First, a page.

This is the final post of our meeting with Professor Christopher Small in Sitges, Spain. Again, those of you with an interest in the Arts in Our Communities may find this particularly interesting. Next we move on to Madrid and Andalucía.
Once in Barcelona, I telephoned Small and arranged a day, time and location where we would meet. He said he would be waiting for me at the train station. Instead of the giant man of letters I expected to meet, I found a small, somewhat shy, graying older man holding a cane; a gentleman of delicacy and reticence, ready to receive strangers from abroad as his guests. It was this meeting of Christopher Small, the person, that explained the "heart" I had seen in his work -- its deep core of humanity and compassion that is evident throughout.
As we gathered in the living room of his apartment filled with books, artwork and a piano, Chris (at his initiative, we quickly moved to using our first names) talked about Sitges, a charming seaside village, where there is always something interesting to do, usually something connected with the arts. He also talked fondly of his long-time partner, Neville, who died in a local hospital some four years ago, from a brain tumor. He dedicates Music of the Common Tongue -- which I think is his most passionate work -- to Neville, writing: "To Neville Braithwaite, who taught me what it was all about." Chris praised the Spanish healthcare system, thankful that their European Union passports gave them both access to it.
Sitting comfortably in the living room and sipping the good local red wine Chris brought out, we began talking about his work, and I gave him the letter of gratitude Irvine Foundation's Director for the Arts, Josephine Ramirez, had asked me to deliver. As he read, it was clear that he was moved. He quietly said he is pleased that his work is being put into practice, not limited to being read in academia. It has been only in the last ten years that his books have received much attention, which still surprises him, he said. He pointed out, too, that none of the books have ever gone out of print.
Chris seemed reluctant to talk much about the substance of his work, seemingly satisfied with my simple -- perhaps simplistic -- summary of it. He refuses to be pigeonholed, however. When I asked if he considers himself a musicologist, he simply said, "I'm a musician who thinks about his music," refusing, even, to contend that his music is art -- maybe because even that would be too much of an abstraction.
He did venture one strong opinion: He said he doesn't much care for the music of John Cage. He said music requires "human intentionality" that is missing in the chance and random ambient-sound orientation of much of Cage's work. He didn't say this, but from his comments in Music of the Common Tongue, I think Chris might have added, if given the chance, that Cage is too much the precious and disingenuous elitist for his taste.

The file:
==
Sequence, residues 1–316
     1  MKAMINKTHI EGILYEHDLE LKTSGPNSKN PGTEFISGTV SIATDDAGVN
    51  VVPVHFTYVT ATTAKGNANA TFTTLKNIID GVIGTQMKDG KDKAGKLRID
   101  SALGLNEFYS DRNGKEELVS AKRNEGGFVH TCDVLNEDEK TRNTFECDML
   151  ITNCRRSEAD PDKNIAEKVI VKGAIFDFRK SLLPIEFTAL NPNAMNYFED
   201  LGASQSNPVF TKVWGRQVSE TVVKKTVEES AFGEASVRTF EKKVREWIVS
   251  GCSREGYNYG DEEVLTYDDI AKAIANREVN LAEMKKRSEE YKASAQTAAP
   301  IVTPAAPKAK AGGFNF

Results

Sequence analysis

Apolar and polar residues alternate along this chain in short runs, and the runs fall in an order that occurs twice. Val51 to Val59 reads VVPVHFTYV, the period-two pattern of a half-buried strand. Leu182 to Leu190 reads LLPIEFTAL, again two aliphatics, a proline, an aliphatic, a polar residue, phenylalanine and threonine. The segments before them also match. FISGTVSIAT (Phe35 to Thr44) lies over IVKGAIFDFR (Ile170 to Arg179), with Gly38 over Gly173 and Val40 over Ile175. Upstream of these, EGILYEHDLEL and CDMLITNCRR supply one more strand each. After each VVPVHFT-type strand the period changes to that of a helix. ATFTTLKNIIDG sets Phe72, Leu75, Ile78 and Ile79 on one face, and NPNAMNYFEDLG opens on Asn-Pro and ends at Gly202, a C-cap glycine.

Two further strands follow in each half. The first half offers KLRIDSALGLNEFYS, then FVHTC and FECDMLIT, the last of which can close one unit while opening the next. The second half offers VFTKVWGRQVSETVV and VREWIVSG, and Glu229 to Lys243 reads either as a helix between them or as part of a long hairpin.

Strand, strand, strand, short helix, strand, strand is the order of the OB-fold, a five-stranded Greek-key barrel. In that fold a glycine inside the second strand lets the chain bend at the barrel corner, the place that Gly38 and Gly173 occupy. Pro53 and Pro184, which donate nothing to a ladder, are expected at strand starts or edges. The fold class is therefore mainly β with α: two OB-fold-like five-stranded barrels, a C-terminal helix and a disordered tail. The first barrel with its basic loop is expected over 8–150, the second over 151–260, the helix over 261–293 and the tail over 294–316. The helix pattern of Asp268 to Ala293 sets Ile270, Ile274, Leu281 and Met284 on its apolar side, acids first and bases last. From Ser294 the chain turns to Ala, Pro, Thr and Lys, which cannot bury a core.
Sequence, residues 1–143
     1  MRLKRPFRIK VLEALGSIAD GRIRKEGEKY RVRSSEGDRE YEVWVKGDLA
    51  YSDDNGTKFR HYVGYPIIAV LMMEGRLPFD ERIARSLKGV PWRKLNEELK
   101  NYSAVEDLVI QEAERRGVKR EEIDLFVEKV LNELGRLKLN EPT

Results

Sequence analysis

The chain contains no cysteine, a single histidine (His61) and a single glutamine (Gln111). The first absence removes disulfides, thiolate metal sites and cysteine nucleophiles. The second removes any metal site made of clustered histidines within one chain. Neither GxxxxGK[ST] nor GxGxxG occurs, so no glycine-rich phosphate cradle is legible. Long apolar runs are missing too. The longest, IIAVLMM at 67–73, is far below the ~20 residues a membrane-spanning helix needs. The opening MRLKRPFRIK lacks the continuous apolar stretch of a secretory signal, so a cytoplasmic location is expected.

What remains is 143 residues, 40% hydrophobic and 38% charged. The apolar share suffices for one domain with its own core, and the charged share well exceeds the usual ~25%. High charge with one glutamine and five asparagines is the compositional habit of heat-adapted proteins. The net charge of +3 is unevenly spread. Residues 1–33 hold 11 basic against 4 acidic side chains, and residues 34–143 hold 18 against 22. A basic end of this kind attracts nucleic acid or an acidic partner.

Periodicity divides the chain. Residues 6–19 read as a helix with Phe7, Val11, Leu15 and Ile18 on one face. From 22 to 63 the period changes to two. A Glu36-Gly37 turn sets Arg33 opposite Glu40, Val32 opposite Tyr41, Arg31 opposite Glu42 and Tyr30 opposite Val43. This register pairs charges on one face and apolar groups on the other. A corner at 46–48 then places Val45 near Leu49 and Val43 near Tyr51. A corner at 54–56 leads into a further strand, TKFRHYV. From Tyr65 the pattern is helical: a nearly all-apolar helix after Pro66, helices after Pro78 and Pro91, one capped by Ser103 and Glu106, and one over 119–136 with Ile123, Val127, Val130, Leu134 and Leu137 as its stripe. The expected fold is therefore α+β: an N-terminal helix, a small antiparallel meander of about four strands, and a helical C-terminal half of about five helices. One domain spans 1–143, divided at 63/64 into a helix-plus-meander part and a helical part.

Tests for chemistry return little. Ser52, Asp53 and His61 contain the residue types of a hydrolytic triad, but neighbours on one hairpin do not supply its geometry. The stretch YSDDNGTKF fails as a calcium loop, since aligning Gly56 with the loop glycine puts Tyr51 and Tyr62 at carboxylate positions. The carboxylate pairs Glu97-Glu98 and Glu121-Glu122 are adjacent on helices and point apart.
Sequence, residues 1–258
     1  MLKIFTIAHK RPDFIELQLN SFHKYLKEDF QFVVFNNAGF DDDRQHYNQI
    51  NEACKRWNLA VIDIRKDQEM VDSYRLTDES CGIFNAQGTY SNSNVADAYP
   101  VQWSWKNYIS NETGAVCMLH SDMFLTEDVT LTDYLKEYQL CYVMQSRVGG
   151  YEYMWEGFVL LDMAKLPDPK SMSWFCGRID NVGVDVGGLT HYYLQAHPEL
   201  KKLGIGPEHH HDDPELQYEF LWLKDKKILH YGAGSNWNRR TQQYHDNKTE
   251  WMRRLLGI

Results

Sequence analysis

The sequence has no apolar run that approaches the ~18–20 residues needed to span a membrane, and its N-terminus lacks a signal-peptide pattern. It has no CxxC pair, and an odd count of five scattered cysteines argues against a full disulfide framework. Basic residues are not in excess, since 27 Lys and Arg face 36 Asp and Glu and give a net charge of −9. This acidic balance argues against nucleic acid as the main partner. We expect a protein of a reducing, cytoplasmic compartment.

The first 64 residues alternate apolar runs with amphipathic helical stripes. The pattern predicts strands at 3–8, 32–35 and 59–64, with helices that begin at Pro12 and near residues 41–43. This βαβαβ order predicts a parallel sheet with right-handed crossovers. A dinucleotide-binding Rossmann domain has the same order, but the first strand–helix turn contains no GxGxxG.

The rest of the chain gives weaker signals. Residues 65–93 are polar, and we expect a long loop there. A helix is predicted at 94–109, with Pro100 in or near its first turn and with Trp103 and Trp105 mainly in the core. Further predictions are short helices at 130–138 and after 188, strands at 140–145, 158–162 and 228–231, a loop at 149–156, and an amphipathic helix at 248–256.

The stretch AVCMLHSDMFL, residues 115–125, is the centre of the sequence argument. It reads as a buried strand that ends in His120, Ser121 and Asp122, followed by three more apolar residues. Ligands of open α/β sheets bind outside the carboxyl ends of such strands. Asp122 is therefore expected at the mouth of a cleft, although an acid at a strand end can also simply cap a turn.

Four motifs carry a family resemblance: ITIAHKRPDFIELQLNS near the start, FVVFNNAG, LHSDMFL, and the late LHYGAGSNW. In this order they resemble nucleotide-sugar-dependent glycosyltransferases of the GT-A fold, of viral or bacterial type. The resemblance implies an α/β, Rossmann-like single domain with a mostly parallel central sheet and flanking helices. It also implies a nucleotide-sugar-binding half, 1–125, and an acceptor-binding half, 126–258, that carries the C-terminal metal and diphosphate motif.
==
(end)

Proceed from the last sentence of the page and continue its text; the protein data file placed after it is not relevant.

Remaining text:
Chris disagreed with me on one point. I had suggested that lagging ticket sales at performing arts centers would make for a good reason to apply his ideas. My argument was the more "everyday" people are encouraged to engage personally in the arts, the more likely they will also increasingly support and attend professional performances that arts centers promote. He wasn't specific about his reasons for challenging this, but Josephine Ramirez agreed with him in a later letter to me, saying "[E]verybody wants to do that but, at least originally, when we created it, our [Active Arts] program was never supposed to do that." Further, she said "In my years of looking at these things, there's no data yet to solidly suggest that programs like Active Arts ... are helping to remedy falling attendance at PACs." She also expressed concern that the acceptance of that argument might even lead to giving undue attention to "the old butts in the seats" model of PACs.
After finishing the bottle of wine, we moved from Chris' apartment to an Argentine restaurant on the water, just a half block away. Several people warmly greeted Chris as we strolled by, asking not only about him, but also about local activities that they shared an interest in. Chris is clearly well known and an engaged local favorite.
Returning after lunch, and as I gathered my things to leave, I snapped a few photos -- the ones you see here -- and turned to ask: "And what about your own music, Chris?", pointing to his piano. "I'm afraid I haven't been much inspired since Neville's passing," he said.
We said our goodbyes and expressed our appreciation for each other with a big "abrazo," a bear hug. And, as I worked my way through Sitges, back to the train station -- a tad tipsy from the wine -- I couldn't help marveling at this experience; at having come from a half a world away to meet this giant man of letters, with a heart to match.
Here are a few more photos from our time in Sitges.